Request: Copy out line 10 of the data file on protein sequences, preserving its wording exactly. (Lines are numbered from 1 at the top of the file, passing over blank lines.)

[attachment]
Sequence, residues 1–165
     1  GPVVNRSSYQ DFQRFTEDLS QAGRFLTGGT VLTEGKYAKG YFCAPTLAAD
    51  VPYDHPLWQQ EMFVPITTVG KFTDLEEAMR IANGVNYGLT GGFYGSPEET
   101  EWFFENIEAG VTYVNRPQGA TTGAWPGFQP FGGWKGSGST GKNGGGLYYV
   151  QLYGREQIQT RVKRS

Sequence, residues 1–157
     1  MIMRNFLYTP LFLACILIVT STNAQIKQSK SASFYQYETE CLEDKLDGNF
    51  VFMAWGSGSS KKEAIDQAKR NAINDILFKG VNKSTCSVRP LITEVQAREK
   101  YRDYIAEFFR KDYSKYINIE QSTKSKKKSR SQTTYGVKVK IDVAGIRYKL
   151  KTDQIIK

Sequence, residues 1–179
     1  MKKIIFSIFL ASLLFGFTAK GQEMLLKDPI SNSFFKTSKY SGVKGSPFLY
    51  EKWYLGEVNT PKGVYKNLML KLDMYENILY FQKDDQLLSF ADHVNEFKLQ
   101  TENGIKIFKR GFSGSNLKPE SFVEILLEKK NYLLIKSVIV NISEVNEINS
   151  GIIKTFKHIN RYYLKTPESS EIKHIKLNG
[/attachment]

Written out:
   151  KTDQIIK